History Made As The Caribbean Hosts Its First Ever Day/Night Test Match

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History Made As The Caribbean Hosts Its First Ever Day/Night Test Match

The Kensington Oval in Bridgetown, Barbados, has seen it’s fair share of histrionics over the years, and today, the 23rd June 2018, it will once again enter the realms of folklore.

It is often referred to as “The Mecca of Cricket” in the Caribbean and has hosted many important matches, both domestic & international in it’s 140 year plus of history. Most prominently, it hosted the final of both World Cups that have taken place in the West Indies, the ODI World Cup in 2007 & the T20 World Cup in 2010, when Australia & England triumphed respectively.

Today, it is about to host the first ever day-night Test match in the region.

Test cricket has been slowly losing popularity in the West Indies over the last 20 years or so, not least among the reasons, the regional team’s average performances in that time. Off-course, it is a world wide trend, as Test match attendances have dwindled in just about every country, as the limited overs formats, especially the T20 in the last decade has taken hold of the cricketing public.

In this day and age, people don’t have the time to sit and watch five days of cricket, no matter how invigorating it may be, when they can go to the stadium, spend three to four hours in the evening to night period and get a result. The fact that day-night cricket had become an option for the longer version of the game, is a direct result of the times, and in particular in the Caribbean.

The very first day-night Test match was between Australia & New Zealand at The Adelaide Oval on the 27th November 2015, and it was a resounding success in terms of attendances. Full houses, raucous & enthusiastic crowd and an exciting match where the home team won by 3 wickets, proved the doubters wrong and showed this maybe one way at least, to raise the popularity of Test match cricket.

There are issues off-course, with not everyone being on board with the use of the pink ball, as opposed to the traditional red one, but with any and every revolutionary idea, there is always going to be obstacles, but those should not take away from the spectacle that the match created and the buzz surrounding the day-night Test around the world.
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Since that historic event in Adelaide two and a half years ago, England, South Africa & New Zealand have all hosted day-night fixtures, and interestingly, the home team has won every time, is that an omen to the West Indies for this weekend I wonder? Pakistan have also played “host” to day-night Test, but these took place in Dubai, due to the ICC’s ban on them having international games in the country.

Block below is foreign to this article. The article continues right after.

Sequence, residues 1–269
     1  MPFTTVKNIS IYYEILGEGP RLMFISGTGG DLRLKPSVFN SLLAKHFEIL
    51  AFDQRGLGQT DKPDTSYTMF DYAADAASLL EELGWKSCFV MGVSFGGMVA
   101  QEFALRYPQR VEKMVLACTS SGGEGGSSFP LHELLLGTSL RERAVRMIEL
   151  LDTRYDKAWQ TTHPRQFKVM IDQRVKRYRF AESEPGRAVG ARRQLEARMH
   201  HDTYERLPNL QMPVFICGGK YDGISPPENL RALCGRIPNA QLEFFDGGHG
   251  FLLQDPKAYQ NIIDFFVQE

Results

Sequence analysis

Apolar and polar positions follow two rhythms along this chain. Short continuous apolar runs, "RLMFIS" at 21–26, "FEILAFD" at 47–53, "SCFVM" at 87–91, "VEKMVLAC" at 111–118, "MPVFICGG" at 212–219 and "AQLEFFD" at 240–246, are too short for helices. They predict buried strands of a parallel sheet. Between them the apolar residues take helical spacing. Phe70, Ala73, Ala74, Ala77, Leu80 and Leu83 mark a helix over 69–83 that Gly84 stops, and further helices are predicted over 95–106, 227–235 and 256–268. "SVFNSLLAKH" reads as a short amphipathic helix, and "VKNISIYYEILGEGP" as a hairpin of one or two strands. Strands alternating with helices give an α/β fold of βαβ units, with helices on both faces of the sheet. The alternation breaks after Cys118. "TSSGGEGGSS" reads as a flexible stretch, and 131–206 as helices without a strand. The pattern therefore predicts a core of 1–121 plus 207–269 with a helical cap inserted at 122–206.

So, to the match itself, which unfortunately has been dominated by the controversy surrounding the visitors captain Dinesh Chandimal.

Prior to the start of Day 3 in St. Lucia, the Sri Lankan team refused to take the field for the first two hours of scheduled play,  after being accused of tampering with the ball using sweets, a charge that the Sri Lankan skipper categorically denied. Ironically, had they not carried out such a protest, they may have won the match, as they needed 5 more West Indian wickets to win, and bad light & rain delays eventually ended the play.
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Chandimal’s appeal to the ICC’s commissionery board was rejected and his suspension for this third and final match of the series was confirmed. He also incurred 2 suspension points on his record and was fined 100% of his match fee, while a hearing has been set for the 10th of July for the “Code of Conduct” charges against him, coach Chandika Hathurusingha and manager Asanka Gurusinha.

The coach and manager will however, be allowed to take part in the match this weekend.

The series is currently 1-0 in favour off the host after their win at the Queen’s Park Oval in Port-of-Spain, so Sri Lanka will be desperate for an improved performance and also for the weather to hold for the entire 5 days to give them the maximum chance of victory.

In the absence of Chandimal, fast bowler Suranga Lakmal will lead Sri Lanka in this match. Lakmal has been in the Test team since November 2010, making his debut versus this same West Indies team at home and be will calling on all that experience as well as hoping his teammates support him in this match.

For the West Indies, so long in the doldrums of the game’s most traditional format, they will be hoping to close off the series with a win or at the very least not lose this match. They finally seemed to have a settled bowling line-up, with Trinidadian speedster Shannon Gabriel leading the way, ably supported by Kemar Roach & others.

The batting line-up have had their moments, but they still need to be more consistent in converting their starts into big scores if they are to take that next step up in class.

We should be in for an exciting conclusion to this series, so let us put aside all the drama and focus on the match itself, as history is about to be made in this most iconic of venues once again.

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